Adjusting to campus life after combat
Published: Friday, May 4, 2012
Updated: Wednesday, February 13, 2013 15:02
“We were attacked for three weeks straight,” he said.
Now, the sound of a garbage truck emptying a dumpster or other loud noises take him back to the moment of combat.
“I have heightened senses,” he said. “I’m always vigilant.”
The veteran doesn’t like when people are walking behind him, and he avoids going to unfamiliar places.
For his part, Merrill faced many struggles while still in Afghanistan. He lost a friend and fellow soldier when his convoy was run off the road by an Afghanistan police truck. The 50,000-pound vehicle flipped multiple times before crashing into a house. Merrill’s machine gun hit him in the mouth, knocking out his top teeth and leaving his lip nearly torn off.
Merrill developed acute stress disorder after the accident; he had trouble sleeping and experienced flashbacks for about two weeks.
“I saw him like four times after he died,” Merrill said of his dead friend. “Looking across the street, I swore I saw him. “
This facial recall is consistent with traumatic stress, according to French.
Merrill’s platoon saw 10 firefights, and his sergeant major was shot in the chest during one of the fights. Sleeping pills were given to his platoon after these moments of combat to help the soldiers sleep and relax, according to Merrill. These types of traumatic experiences age the veterans and further set them apart from their college peers.
According to French, many veterans deal with the troubles of adjusting and managing their stress by drinking.
“When I first got back, I drank a lot,” Merrill said. “I remember thinking to myself, I haven’t gone a night without a drink. Is this a problem?”
The veteran who asked not to be named went on a 28-day drinking binge when he first got home from Afghanistan.
“I used drinking as a way to cope,” the veteran said.
Both veterans have cut back on their drinking since their initial returns to civilian life.
Prescriptions such as Zoloft are prescribed to veterans exhibiting signs of trauma, according to French. However, many trauma cases are left untreated, which can be dangerous situations.
“For untreated war trauma, the worst result is suicide,” French said.
Recent studies have shown that suicide in veterans is the highest it has ever been, according to French. Every 80 minutes a veteran commits suicide, according to an April 2012 article in the New York Times. More than 6,500 veteran suicides are reported every year, which is more than the total number of soldiers killed in Afghanistan and Iraq combined since those wars began, according to the article.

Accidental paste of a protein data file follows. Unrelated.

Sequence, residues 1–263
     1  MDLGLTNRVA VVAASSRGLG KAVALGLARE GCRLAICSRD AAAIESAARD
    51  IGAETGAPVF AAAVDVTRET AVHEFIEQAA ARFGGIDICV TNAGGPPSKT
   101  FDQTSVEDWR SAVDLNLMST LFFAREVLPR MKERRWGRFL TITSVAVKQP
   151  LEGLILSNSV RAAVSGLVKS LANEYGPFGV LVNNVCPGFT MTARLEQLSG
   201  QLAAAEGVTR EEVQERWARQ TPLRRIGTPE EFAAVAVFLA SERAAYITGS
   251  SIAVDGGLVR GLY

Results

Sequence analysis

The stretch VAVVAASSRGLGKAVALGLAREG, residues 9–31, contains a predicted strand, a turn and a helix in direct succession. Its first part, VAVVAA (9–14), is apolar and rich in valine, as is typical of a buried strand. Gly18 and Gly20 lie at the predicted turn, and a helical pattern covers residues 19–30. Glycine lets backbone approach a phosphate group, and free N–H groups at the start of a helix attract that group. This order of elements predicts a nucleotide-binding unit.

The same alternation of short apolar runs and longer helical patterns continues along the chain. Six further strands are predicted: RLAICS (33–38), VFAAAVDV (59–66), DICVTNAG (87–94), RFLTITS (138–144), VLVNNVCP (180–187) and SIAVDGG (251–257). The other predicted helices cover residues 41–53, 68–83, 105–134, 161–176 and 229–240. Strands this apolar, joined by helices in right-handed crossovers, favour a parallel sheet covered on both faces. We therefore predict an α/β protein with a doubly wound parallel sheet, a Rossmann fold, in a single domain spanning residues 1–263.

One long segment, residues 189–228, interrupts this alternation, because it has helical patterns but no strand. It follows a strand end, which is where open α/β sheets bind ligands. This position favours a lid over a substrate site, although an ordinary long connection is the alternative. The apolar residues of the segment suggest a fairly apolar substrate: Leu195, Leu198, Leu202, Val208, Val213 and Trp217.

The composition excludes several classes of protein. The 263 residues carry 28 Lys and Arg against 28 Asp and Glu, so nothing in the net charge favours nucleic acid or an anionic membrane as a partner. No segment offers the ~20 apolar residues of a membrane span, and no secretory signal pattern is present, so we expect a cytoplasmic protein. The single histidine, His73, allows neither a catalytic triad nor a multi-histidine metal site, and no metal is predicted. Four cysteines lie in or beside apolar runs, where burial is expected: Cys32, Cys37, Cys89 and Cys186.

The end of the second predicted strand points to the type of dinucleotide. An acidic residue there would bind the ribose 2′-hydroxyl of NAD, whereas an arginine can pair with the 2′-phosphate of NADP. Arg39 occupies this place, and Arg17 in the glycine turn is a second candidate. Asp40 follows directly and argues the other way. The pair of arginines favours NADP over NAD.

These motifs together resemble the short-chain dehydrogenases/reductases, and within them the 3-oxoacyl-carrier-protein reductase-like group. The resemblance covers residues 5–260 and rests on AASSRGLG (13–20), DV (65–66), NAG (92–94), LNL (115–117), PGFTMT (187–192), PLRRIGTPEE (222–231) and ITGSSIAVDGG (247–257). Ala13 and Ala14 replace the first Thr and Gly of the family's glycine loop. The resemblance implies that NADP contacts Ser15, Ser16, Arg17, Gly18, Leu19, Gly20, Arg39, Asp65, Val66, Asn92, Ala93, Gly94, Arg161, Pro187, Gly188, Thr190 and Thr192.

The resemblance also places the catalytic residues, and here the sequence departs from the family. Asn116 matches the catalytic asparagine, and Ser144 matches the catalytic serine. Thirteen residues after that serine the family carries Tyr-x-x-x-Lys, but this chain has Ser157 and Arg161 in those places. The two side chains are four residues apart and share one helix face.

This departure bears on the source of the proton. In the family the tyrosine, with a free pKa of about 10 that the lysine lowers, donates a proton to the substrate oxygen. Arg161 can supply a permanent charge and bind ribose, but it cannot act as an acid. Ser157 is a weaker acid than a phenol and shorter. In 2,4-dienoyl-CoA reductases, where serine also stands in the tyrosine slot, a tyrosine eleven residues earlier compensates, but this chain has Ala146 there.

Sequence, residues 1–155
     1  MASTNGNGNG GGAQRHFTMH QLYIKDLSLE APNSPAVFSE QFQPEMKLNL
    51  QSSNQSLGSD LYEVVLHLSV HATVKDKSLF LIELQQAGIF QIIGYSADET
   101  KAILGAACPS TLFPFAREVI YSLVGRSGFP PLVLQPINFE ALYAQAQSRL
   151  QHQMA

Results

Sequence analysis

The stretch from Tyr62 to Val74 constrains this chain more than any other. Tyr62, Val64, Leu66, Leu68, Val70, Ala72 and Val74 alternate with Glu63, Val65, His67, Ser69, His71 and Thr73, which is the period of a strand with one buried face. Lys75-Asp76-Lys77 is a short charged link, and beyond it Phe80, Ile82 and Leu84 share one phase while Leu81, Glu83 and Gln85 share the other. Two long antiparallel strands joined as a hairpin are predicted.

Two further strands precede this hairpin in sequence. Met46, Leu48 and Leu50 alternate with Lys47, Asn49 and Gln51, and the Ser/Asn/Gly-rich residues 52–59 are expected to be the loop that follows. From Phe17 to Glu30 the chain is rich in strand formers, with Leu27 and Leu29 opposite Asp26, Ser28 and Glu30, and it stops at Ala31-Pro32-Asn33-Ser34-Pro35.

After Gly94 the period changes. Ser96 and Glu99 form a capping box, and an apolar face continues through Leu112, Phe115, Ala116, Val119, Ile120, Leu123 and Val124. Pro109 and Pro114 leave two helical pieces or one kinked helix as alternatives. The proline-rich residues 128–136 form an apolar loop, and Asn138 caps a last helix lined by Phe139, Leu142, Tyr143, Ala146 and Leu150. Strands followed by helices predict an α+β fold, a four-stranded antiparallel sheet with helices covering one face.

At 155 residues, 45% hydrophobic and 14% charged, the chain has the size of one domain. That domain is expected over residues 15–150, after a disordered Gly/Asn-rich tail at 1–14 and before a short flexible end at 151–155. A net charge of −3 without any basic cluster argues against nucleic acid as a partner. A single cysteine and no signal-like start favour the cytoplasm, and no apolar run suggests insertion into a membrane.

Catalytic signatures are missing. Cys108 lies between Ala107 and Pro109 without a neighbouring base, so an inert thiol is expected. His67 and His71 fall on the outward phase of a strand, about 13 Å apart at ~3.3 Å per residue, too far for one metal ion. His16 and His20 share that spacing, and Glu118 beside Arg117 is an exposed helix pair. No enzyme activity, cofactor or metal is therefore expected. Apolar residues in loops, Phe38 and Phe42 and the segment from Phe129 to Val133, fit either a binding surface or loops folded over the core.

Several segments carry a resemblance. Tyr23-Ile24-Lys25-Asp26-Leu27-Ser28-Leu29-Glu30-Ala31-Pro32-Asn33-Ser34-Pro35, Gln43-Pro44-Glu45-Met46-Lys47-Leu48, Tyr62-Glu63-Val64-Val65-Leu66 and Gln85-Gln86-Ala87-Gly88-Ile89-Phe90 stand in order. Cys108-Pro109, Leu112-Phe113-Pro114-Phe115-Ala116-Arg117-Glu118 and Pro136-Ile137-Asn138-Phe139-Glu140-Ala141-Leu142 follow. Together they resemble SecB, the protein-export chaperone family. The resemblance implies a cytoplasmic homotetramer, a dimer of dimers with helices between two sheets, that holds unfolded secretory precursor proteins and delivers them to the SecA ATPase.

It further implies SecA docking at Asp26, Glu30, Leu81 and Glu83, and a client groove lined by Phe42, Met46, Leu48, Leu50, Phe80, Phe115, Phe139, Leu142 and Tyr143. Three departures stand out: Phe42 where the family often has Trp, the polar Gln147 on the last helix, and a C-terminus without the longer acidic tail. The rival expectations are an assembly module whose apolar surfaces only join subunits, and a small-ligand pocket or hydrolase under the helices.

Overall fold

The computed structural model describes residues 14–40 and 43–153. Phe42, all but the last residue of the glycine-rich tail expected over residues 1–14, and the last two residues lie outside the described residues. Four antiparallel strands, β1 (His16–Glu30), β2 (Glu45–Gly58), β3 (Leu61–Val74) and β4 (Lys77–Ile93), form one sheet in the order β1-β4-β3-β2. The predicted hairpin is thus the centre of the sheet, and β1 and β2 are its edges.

The problems and concerns of the typical college student are trivial compared to what veterans experienced during their deployment, according to Merrill and the anonymous veteran.
“You don’t care anymore,” Merrill said. “It’s hard to put it. Little things don’t matter anymore. If someone’s mad about something little, you don’t care - there’ve been worse things.”
The anonymous veteran suffering from PTSD has found it hard to maintain relationships because he feels that no one understands him.
Often, veterans see themselves as more different from their peers than their peers see them, according to Sattler.
“That’s terrible. You want to meet with them and give some of that [normalcy] back,” Sattler said.
Veterans are accustomed to being around people going through similar experiences as they are, but once they are back on college campuses, they find themselves isolated from their peer group by their experiences. That can cut two ways.
“I feel older. I’m much more mature than the people around me,” Merrill said.
“I’m very argumentative now. Little things piss me off. I have lost friends over disagreements,” the anonymous veteran said.
Universities and colleges across the country are trying to help ease the transition for veterans. At UNH, Student Veteran Organization (SVO) and offices across campus offer a “Brown Bag Lunch” every Thursday to help veterans network with other veterans, review benefits, and connect with campus services that they may need to help make their transition easier.
UNH is working with administrators, faculty, staff, and students to promote awareness for veterans on campus. Little things such as allowing a veteran to sit in the back of the class, so that no one is behind him, are things that need to be brought to the attention of the community in order to help the veterans adjust, according to Sattler.
Merrill said he is trying to channel his experience for a better future. He said military discipline has helped him to work harder at schoolwork and achieve academic success.
“My freshman year was a joke,” Merrill said. “But then I went into the Army and it taught me a thing or two. I do what I’m told and I get good grades.”